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News 18084 views 6 commentslast update:14 Jan 2016

Insects in feed: new insights published

The EC-funded PROteINSECT project has today released an up-to-date review and analysis of the current status of insects as a viable, sustainable, additional source of protein for use in animal feed in Europe.

The report is endorsed and supported by Hanover University of Veterinary Medicine, European Reference Laboratory for Animal Proteins (EURL-AP), Waste & Resources Action Programme (Wrap), Metro Group (European Supermarket) and the Food Standards Agency (UK). The report includes the efforts and insights PROteINSECT gained, including the advantages of an insect based protein source and current key barriers to its adoption at scale.

Expert views and analyses

Today's report – entitled PROteINSECT Consensus Business Case Report 'Determining the contribution that insects can make to addressing the protein deficit in Europe' and published on the project website – pulls together a range of expert viewpoints and analyses based on newly-available material and some from the public domain.  It was researched, collated and authored by PROteINSECT partners to provide an up-to-date review and interpretation of information available around the potential of insects to help meet the growing demand for non-imported protein sources in Europe and, more widely, to help address the global challenge of future food security.

Why are insects not allowed in livestock feed in Europe? Read the Whitepaper on this topic, published by All About Feed.

EFSA opinion insects expected in September

Future food security is already a priority item on the agenda of the European Parliament, which adopted a resolution to address the EU's protein deficit, stating that urgent action is needed to replace imported protein crops with alternative European sources.  And this September, the European Food Safety Authority (EFSA) will publish 'an initial scientific opinion on the safety risks arising from the production and consumption of insects as food and feed' relative to such risks posed by the use of other protein sources for human food or animal feed (including fish). According to PROteINSECT, consumers are willing to consume food from animals that received insects in the feed, as long it is mentioned on the food label, according to the majority.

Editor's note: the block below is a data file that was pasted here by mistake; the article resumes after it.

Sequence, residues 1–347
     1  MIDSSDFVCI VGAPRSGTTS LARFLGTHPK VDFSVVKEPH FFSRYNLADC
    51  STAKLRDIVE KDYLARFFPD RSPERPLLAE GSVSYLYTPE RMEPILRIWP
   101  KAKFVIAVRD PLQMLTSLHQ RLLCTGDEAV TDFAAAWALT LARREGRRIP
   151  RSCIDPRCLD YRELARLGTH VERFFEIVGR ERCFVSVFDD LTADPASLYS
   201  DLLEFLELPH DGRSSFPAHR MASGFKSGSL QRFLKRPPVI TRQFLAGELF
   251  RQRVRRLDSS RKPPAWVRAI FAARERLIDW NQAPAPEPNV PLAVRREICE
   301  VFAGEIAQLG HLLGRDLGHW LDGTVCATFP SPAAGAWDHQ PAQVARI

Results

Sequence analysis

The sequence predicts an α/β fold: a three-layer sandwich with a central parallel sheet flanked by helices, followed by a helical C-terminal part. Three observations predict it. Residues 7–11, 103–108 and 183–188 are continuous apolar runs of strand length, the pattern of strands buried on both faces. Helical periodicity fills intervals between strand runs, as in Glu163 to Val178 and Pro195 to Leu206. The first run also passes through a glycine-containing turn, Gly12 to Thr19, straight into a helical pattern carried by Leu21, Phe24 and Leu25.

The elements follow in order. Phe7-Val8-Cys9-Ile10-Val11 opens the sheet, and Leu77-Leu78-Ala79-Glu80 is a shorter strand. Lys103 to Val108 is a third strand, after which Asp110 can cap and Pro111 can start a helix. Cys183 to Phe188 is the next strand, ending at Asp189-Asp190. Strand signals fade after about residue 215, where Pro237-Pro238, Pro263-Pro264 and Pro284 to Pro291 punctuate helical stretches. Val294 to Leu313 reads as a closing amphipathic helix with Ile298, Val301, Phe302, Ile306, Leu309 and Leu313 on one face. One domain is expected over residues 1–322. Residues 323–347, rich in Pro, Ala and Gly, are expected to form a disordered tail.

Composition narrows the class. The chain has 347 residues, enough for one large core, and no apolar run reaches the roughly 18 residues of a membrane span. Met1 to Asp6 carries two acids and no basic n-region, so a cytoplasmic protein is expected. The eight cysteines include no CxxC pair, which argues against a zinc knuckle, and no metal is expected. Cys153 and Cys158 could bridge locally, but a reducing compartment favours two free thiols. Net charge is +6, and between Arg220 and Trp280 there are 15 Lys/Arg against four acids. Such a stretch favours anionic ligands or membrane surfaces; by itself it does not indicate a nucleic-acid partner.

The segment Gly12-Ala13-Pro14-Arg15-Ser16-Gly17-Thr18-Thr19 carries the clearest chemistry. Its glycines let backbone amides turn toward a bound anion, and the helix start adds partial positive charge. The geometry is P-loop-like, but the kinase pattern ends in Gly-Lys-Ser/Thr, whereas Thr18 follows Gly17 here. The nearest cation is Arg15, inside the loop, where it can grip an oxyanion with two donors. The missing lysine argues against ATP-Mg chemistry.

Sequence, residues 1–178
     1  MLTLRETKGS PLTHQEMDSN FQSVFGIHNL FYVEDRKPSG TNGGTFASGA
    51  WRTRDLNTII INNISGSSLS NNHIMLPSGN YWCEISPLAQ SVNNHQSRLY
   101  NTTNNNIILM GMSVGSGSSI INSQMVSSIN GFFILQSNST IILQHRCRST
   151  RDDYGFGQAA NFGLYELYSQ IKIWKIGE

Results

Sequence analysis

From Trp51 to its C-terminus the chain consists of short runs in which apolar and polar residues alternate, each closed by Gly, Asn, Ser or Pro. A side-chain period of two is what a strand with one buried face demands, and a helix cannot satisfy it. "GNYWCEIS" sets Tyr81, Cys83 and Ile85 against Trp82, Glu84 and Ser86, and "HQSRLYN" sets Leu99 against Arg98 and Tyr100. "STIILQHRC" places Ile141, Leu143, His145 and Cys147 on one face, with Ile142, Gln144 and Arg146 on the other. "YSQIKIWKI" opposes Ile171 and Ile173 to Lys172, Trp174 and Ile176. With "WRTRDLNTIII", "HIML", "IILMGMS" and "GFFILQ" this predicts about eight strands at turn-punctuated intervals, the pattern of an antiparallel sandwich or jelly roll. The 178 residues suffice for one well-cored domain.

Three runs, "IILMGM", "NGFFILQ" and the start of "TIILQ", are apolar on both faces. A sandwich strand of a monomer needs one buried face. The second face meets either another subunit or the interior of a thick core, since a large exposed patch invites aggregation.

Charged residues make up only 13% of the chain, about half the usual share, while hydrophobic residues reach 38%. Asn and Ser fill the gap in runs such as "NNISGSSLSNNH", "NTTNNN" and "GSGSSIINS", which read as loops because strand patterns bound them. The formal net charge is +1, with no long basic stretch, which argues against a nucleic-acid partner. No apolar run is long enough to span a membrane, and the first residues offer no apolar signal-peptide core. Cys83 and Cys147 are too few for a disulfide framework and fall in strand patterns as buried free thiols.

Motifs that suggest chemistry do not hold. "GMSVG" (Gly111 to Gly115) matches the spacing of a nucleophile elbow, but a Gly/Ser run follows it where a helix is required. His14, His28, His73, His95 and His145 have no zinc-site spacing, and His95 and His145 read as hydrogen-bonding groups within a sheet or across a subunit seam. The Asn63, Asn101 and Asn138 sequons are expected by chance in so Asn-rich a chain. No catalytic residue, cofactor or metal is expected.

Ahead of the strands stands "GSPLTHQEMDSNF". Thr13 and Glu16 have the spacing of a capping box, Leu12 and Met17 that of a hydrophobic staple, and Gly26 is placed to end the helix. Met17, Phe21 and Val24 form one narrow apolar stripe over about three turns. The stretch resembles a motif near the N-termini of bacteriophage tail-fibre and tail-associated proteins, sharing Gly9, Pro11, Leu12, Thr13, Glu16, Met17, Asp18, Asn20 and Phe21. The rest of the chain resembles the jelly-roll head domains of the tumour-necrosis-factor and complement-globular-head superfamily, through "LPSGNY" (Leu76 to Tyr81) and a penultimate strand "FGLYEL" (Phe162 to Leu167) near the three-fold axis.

New feeding trials in 2015

PROteINSECT will continue its work in the coming years in the field of safety of insects in feed and finding the best rearing and processing methods. In 2015, fish, poultry, and pig feeding trials are being conducted in 2015 in Europe (Belgium and UK) based on PROteINSECT UK derived insect protein whereas, fish and chicken feeding trials will be conducted in China, Mali and Ghana with insect protein being sourced from PROteINSECT partners within each country.

6 comments

  • David E Fincham

    What do people think chickens and fish ate before we put them onto commercial feeds.  Some of the feeds being used are full of additives, residues, antibiotics, hormones.  A healther natural diet would be better all round.  The fact that a lot of valuable waste could be converted to insect feed is also a good thing.

  • Ade Adebiyi

    @ David E Fincham - your quote that 'Some of the feeds being used are full of additives, residues, antibiotics, hormones' is wrong, but it is a common assumption. I advise that you look at the materials used to make chicken diets.

  • prabhakar C J

    Thanks for a comprehensive status report on feed industry.
    Intrested to know the studies under progress in China on poultry and fishes.
    Please share also the scientist details associated 
    Regards
    C j prabhakar

  • Edward Barnes

    Hi prabhakar, you can find the details of project partners on the PROteINSECT website here: http://www.proteinsect.eu/index.php?id=33 or if you have specific questions you can email info@proteinsect.eu. Dont forget to follow us on linkedIn (http://bit.ly/1M0dHr3), Twitter (https://twitter.com/PROteINSECT) and Facebook (http://on.fb.me/1IeiKBx) for the latest project news.

  • Emmy Koeleman

    thank Edward, for this valuable addition.

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